A letter of concern
Hello, John Carmack.
(1/3) Everyone has had some time to digest the FB deal now. I think it is going to be positive, but clearly many disagree.— John Carmack (@ID_AA_Carmack) March 28, 2014
(2/3) Much of the ranting has been emotional or tribal, but I am interested in reading coherent viewpoints about objective outcomes.— John Carmack (@ID_AA_Carmack) March 28, 2014
(3/3) What are the hazards? What should be done to guard against them? What are the tests for failure? Blog and I'll read.— John Carmack (@ID_AA_Carmack) March 28, 2014
Thank you for being open to public discourse.
I am a passionate believer in the importance and imminence of virtual reality’s effects on our society. I was devastated when I read the news about Facebook acquiring OculusVR, and this is why:
The Oculus Rift was more than a timely piece of clever technology—it was a powerful rallying cry to which hundreds of developers and manufacturers answered the call.
Within two years since Oculus Rift’s Kickstarter, the roots of a new industry took hold. Dozens of VR-related peripherals were put in the market, from haptic gloves to static treadmills to body scanners. Hundreds of demos and “VR Experiences” were published and consumed, pioneering a novel medium of entertainment and immersion. The Oculus Rift was one of the best examples of a successful “grassroots movement” that so many others try to replicate.
With a single announcement, much of this was undone. Numerous game developers abandoned their Oculus projects, the community roared in anger and disappointment. The trust has been broken.
The ecosystem has been broken.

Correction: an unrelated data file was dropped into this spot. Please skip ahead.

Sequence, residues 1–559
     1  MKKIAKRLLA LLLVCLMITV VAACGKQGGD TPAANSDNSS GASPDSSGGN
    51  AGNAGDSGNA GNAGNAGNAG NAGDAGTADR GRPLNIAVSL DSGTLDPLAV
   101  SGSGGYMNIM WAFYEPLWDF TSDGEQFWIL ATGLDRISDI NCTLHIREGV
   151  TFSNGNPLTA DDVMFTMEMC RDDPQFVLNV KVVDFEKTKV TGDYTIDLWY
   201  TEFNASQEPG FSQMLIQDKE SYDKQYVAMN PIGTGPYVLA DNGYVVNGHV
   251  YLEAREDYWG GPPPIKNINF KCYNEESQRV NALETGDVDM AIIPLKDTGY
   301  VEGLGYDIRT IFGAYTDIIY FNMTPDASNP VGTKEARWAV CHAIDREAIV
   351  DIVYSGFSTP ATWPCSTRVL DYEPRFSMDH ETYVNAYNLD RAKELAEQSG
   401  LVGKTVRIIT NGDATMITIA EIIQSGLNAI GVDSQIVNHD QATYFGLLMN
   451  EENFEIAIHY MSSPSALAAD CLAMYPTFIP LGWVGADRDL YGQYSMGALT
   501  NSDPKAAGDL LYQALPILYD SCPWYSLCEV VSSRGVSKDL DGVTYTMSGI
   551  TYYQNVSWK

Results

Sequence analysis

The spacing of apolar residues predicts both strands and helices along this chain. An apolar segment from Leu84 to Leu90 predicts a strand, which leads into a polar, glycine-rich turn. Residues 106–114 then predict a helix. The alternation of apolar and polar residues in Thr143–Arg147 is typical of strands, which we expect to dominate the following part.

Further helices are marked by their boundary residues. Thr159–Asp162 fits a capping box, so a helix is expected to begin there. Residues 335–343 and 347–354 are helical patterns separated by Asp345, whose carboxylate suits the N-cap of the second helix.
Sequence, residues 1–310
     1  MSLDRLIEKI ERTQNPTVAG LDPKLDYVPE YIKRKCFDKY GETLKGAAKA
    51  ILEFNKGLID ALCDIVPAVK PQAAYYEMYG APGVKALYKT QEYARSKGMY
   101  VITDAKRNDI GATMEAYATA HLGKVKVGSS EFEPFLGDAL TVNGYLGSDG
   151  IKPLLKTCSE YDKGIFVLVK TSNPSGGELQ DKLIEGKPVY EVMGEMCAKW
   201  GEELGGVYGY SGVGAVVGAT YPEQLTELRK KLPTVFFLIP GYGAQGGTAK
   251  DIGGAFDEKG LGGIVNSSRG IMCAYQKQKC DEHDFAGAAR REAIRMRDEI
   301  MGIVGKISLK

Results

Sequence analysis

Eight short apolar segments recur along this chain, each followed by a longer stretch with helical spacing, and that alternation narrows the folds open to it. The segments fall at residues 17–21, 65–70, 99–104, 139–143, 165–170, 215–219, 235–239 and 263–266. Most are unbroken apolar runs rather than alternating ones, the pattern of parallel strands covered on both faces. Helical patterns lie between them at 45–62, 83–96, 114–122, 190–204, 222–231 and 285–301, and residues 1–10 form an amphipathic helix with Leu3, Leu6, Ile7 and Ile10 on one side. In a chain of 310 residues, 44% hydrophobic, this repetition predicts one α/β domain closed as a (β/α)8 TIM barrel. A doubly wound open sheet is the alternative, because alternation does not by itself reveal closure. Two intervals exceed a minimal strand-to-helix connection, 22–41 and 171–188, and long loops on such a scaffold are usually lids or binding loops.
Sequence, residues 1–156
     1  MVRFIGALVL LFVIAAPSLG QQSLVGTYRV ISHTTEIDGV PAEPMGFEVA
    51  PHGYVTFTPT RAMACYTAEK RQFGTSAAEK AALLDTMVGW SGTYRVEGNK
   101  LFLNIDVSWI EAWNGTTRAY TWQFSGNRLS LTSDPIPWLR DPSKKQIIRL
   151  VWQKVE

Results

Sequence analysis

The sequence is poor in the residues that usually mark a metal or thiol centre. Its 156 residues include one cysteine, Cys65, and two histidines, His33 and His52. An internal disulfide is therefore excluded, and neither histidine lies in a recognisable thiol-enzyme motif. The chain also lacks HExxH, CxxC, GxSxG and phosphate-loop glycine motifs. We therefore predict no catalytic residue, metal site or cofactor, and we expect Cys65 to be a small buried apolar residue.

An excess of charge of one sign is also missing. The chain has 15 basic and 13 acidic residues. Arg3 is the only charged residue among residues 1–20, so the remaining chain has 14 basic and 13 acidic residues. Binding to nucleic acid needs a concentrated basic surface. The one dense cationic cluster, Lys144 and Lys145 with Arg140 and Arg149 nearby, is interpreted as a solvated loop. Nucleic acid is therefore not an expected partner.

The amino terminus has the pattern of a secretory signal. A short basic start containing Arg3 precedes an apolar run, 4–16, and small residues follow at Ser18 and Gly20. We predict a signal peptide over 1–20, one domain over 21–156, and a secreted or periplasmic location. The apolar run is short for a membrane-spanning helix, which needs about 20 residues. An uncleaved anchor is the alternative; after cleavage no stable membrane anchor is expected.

We all acknowledge that Oculus VR was a private company and had the right to do what its leaders feel is necessary, but it’s clear that the expectations of the community were betrayed. The Oculus leadership was even quoted saying that they expected the core community to react negatively, so this was a calculated sacrifice.
I worry that this sacrifice was too big and will set our society back until the community recovers. It’s true that, with Facebook’s funds, Oculus VR could launch the consumer devices earlier, cheaper, and with better parts, but I worry it will land in a much less vibrant and healthy ecosystem than it otherwise could have.
Even with the best intentions from both sides, acquisitions never end quite the way the participants hope they will.
Consider this a concern from my personal experiences, as limited and biased as they may be. I’ve heard of many concrete stories from my entrepreneurial friends of how promises get corrupted with time and bureaucracy. I can’t say I honestly believed it until it happened to me. Sure, none of these anecdotes were massive two billion dollar deals, but various degrees of autonomy and independence were definitely at play.
Mark Zuckerberg may feel like he is making a benevolent investment in society by advancing the roadmap of the Oculus Rift today, but things change. What if Facebook’s stock plummets next year as advertising intent continues to elude the social network? What if a competing VR firm shows success in monetizing the product in less-than-user-friendly ways? What if the SVP who is allocated to oversee your division disagrees with your vision and the slow-yet-steady political pressure erodes your founding team’s ideals? What if Instagram gets merged into Facebook Photos, WhatsApp gets merged into Facebook Messages, and you’re next on the cutting block?
What are the hazards? What should be done to guard against them? What are the tests for failure?
I don’t know.
While I trust the intentions of the founding team, I feel that too much of the future is in the hands of the Facebook brand and leadership.
If trust is lost, how will you regain it?
If autonomy slowly slips through your fingers, how will you notice?
If you’ve failed to uphold your vision, what will you do?I admit it—I initially overreacted to the acquisition news. Many of us did.
I hope my immediate reaction was completely wrong. I want to believe.